That book explains each type well, and since OP seems to like using tests to figure their type out and the book has handy tests that help narrow down possible types, I suggested it as a good resource. (Though I will never really suggest relying on only tests, which I think I already pointed out.)

Actually, it illustrates both healthy and unhealthy behaviours—it even has examples depending on exactly how healthy/unhealthy an individual of each type is. There are also challenges to each type’s growth clearly laid out as well as suggestions for improvement. It’s quite good at explaining those things—at highlighting disintegration and integration. I didn’t think these things were bad at all, but rather helpful in figuring one’s type out. If anything, their sections on wings are the ones that are lacking.

Whether or not you can be honest with yourself enough to figure your own type out is another matter entirely—plus, that won’t affect only enneagram, but probably most other personality theories. If the problem is exactly that, it’s probably best not to even attempt typing yourself.
 

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I find it sad, albeit interesting in the sense of seeing the way human minds work, when people are so firm on their belief in typology systems that they'd sooner question someone's integrity/character, logic, any and everything about an individual, than listen to someone say the system is flawed and somehow they don't fit well into it. If it were based on scientific fact, I could see it. Hell, at least religion manipulates people into being afraid not to believe, and to fear their beliefs being shaken. The fact that so many people do this with merely theoretical abstract models that even the founders and authors never claimed were accurate, and have claimed were incomplete works, however, is truly perplexing to me. I crave to understand why such a belief is so sacred, for a lack of better words, to some people. To me, this psychological phenomenon is much more interesting than type theory.
It’s very easy to get boxed in. Everything becomes explained by cognitive functions, almost as if that’s it—that’s the pinnacle of human psychology lol when they can’t even agree on one definition of most things. Most discussions here on theory is almost always that way. It’s easy to forget it’s a theory.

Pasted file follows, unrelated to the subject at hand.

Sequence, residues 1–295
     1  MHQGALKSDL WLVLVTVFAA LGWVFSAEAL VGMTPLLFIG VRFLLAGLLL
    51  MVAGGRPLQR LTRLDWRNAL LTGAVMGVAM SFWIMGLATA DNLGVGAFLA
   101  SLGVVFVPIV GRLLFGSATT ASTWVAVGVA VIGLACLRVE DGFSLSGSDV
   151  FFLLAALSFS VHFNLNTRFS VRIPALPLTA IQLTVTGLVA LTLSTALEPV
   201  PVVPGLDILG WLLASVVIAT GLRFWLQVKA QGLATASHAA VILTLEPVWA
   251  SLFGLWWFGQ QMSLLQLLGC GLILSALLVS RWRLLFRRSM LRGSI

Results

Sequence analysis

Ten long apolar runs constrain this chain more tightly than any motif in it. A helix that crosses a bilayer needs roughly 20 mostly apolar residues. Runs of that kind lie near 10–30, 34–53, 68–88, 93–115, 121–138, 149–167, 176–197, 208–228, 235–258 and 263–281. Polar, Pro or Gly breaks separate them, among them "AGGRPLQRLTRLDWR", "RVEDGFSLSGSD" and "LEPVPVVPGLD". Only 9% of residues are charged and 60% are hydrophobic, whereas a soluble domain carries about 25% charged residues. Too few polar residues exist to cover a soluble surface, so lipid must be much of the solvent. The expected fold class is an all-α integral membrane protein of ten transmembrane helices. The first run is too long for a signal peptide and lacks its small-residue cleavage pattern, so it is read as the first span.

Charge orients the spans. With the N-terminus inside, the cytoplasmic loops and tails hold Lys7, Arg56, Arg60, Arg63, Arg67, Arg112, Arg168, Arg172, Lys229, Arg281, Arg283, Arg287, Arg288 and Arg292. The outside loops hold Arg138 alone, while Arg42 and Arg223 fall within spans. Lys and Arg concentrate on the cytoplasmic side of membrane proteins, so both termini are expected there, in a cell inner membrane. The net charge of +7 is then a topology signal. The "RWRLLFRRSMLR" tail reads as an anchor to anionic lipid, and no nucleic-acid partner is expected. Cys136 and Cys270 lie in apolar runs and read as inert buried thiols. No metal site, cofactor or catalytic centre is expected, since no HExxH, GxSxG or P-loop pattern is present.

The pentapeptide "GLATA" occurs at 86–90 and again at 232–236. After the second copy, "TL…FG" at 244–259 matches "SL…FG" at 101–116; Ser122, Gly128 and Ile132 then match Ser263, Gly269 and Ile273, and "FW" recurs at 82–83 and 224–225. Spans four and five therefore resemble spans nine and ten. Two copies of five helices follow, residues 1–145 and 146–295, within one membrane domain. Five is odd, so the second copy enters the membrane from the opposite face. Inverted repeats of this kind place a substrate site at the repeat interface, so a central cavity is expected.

It’s very easy to find posts here attempting to explain everything going wrong with their lives or selves using typology. I try to refrain from using MBTI or other typology systems as much as possible when giving advice to people here, but it’s too often they won’t be interested in actual, practical advice and would skip those in favour of whoever is willing to break down things in cognitive functions speak and whatever other method. It’s strange. Then you see some change their types weekly and rather than using typology to broaden their understanding of fellow humans and themselves, they’re limiting it instead.

I find typology, no matter what kind, a fun past-time, nothing more.
 

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Well said. At this point, most of my own interest is in analyzing concepts such as these in the typology community. It's an interesting dynamic, almost like religion without the manipulative reward/punishment conditioning, etc. I find things such as confirmation bias, and the fact that emotional/group affiliation is more impactful than facts, quite annoying...which is why I'd like to understand it more, and be able to influence others in healthier directions more effectively.
Great! That’s a far better use of one’s time beyond studying for fun.